Gor­such wel­comes new cit­i­zens in Bay Area

Lodi News-Sentinel - - State - By Sud­hin Thanawala

SAN FRAN­CISCO — A U.S. Supreme Court justice who was in fa­vor of com­pletely re­in­stat­ing Pres­i­dent Don­ald Trump’s ban on trav­el­ers from six mostly Mus­lim coun­tries wel­comed new U.S. cit­i­zens on Mon­day, en­cour­ag­ing them to tol­er­ate dif­fer­ent points of view and re­spect peo­ple with whom they dis­agree.

“Democracy de­pends on our will­ing­ness to hear and re­spect even those we dis­agree with strongly,” U.S. Supreme Court As­so­ciate Justice Neil Gor­such told the cit­i­zens fol­low­ing a nat­u­ral­iza­tion cer­e­mony at the 9th Cir­cuit’s ju­di­cial con­fer­ence. “In a gov­ern­ment by and for the peo­ple, we have to re­mem­ber those with whom we dis­agree, even ve­he­mently, still have the best in­ter­ests of the coun­try at heart.”

Gor­such’s visit comes as the Trump ad­min­is­tra­tion asks the high court to again weigh in on its ban on trav­el­ers from six mostly Mus­lim coun­tries. Gor­such was among three jus­tices who said in June that the ban should be com­pletely re­in­stated pend­ing ar­gu­ments be­fore the high court, and the justice could not es­cape dis­cus­sion of the ban dur­ing his visit to the 9th Cir­cuit con­fer­ence.

With Gor­such seated next to her, an Alaska high school stu­dent ear­lier in the day read her win­ning es­say on Ja­panese in­tern­ment — a topic selected by the 9th Cir­cuit.

Olivia Tafs, 15, com­pared the treat­ment of Mus­lims af­ter the Sept. 11 at­tacks to that of Ja­panese-Amer­i­cans dur­ing World War II. She cited Trump’s travel ban as an ex­am­ple of what she said was eth­nic pro­fil­ing.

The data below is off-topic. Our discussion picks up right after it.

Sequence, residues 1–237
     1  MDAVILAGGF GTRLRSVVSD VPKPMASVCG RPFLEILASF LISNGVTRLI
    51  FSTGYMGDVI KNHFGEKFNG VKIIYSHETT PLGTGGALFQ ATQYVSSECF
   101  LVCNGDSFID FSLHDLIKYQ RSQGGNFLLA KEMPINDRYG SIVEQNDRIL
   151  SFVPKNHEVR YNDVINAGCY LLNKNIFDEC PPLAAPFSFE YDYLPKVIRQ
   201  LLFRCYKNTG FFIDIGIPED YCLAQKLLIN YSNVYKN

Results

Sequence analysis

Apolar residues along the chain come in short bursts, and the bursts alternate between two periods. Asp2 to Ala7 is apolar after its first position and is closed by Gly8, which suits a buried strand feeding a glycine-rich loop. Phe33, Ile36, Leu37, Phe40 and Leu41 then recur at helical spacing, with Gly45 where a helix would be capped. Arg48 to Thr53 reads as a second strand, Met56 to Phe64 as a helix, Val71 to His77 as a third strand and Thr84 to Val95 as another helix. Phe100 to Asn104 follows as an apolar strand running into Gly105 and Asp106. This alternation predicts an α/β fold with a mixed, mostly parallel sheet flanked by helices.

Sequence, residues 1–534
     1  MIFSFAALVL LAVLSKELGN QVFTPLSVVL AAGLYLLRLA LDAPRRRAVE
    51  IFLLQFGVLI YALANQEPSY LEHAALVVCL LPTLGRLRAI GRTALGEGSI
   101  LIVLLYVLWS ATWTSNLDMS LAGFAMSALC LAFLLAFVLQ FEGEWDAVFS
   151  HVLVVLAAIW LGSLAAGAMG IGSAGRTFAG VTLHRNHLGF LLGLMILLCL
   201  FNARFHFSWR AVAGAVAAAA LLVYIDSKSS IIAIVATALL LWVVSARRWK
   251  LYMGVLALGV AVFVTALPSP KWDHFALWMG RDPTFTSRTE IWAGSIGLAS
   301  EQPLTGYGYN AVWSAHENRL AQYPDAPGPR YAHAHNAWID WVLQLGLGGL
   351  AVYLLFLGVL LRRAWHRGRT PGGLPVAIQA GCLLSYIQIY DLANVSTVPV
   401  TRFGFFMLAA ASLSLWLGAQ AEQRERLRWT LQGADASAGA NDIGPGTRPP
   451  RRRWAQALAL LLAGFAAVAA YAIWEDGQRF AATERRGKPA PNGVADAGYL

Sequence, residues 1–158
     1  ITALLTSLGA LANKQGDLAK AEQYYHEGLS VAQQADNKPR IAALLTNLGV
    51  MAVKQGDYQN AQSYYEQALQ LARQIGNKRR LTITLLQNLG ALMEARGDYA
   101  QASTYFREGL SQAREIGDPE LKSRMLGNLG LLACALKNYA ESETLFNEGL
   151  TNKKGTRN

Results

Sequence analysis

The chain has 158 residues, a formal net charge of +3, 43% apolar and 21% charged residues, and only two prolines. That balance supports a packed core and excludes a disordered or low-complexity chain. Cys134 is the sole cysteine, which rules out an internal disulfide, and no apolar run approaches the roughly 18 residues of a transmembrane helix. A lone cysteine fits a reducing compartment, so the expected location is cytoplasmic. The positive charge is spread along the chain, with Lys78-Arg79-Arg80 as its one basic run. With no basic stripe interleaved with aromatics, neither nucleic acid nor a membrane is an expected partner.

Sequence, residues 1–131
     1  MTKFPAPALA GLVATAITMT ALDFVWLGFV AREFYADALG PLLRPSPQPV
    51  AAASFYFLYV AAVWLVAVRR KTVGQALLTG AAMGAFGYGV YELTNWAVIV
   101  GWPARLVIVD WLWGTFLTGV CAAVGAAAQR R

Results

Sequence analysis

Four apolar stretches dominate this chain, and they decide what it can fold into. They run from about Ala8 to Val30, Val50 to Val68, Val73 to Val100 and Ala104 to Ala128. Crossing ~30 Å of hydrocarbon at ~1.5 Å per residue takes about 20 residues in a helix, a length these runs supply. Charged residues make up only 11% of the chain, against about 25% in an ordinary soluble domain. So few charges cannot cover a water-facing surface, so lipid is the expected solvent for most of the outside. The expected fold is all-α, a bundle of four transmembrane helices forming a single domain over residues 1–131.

Gor­such shook her hand fol­low­ing the speech.

Gor­such was a late fill-in at the 9th Cir­cuit con­fer­ence for Supreme Court Justice An­thony Kennedy, who can­celed his trip af­ter his wife frac­tured her hip in Aus­tria. The 9th Cir­cuit — the na­tion’s largest fed­eral court cir­cuit — in­cludes the 9th U.S. Cir­cuit Court of Ap­peals and district and bankruptcy courts in Cal­i­for­nia and eight other west­ern states.

Judges in the cir­cuit have blocked both of Trump’s travel bans and halted his at­tempt to strip fund­ing from so-called sanc­tu­ary cities.

Gor­such’s re­marks come as the Trump ad­min­is­tra­tion asks the Supreme Court to again weigh in on its ban on trav­el­ers from Syria, Su­dan, So­ma­lia, Libya, Iran and Ye­men. Gor­such joined Justice Sa­muel Al­ito in a dis­sent writ­ten by Justice Clarence Thomas in June that said the ban, which also blocks refugees, should be com­pletely re­in­stated pend­ing ar­gu­ments be­fore the high court sched­uled for Oc­to­ber.

The dis­sent ar­gued the ad­min­is­tra­tion had made a “strong show­ing” that it was likely to suc­ceed in over­turn­ing court or­ders block­ing the ban. The ad­min­is­tra­tion has ar­gued the ban is needed for na­tional se­cu­rity. Lower court judges have cited Trump’s com­ments on the cam­paign trail as ev­i­dence that it was mo­ti­vated by anti-Mus­lim bias.

The Supreme Court ma­jor­ity in June said the ad­min­is­tra­tion could mostly en­force its travel ban, but must ex­empt those “with a cred­i­ble claim of a bona fide re­la­tion­ship with a per­son or en­tity in the United States.”

U.S. District Judge Der­rick Wat­son in Hawaii last week or­dered the gov­ern­ment to al­low in refugees for­mally work­ing with a re­set­tle­ment agency in the U.S.


As­so­ciate Justice Neil Gor­such at the Supreme Court build­ing on June 1 in Wash­ing­ton, D.C.

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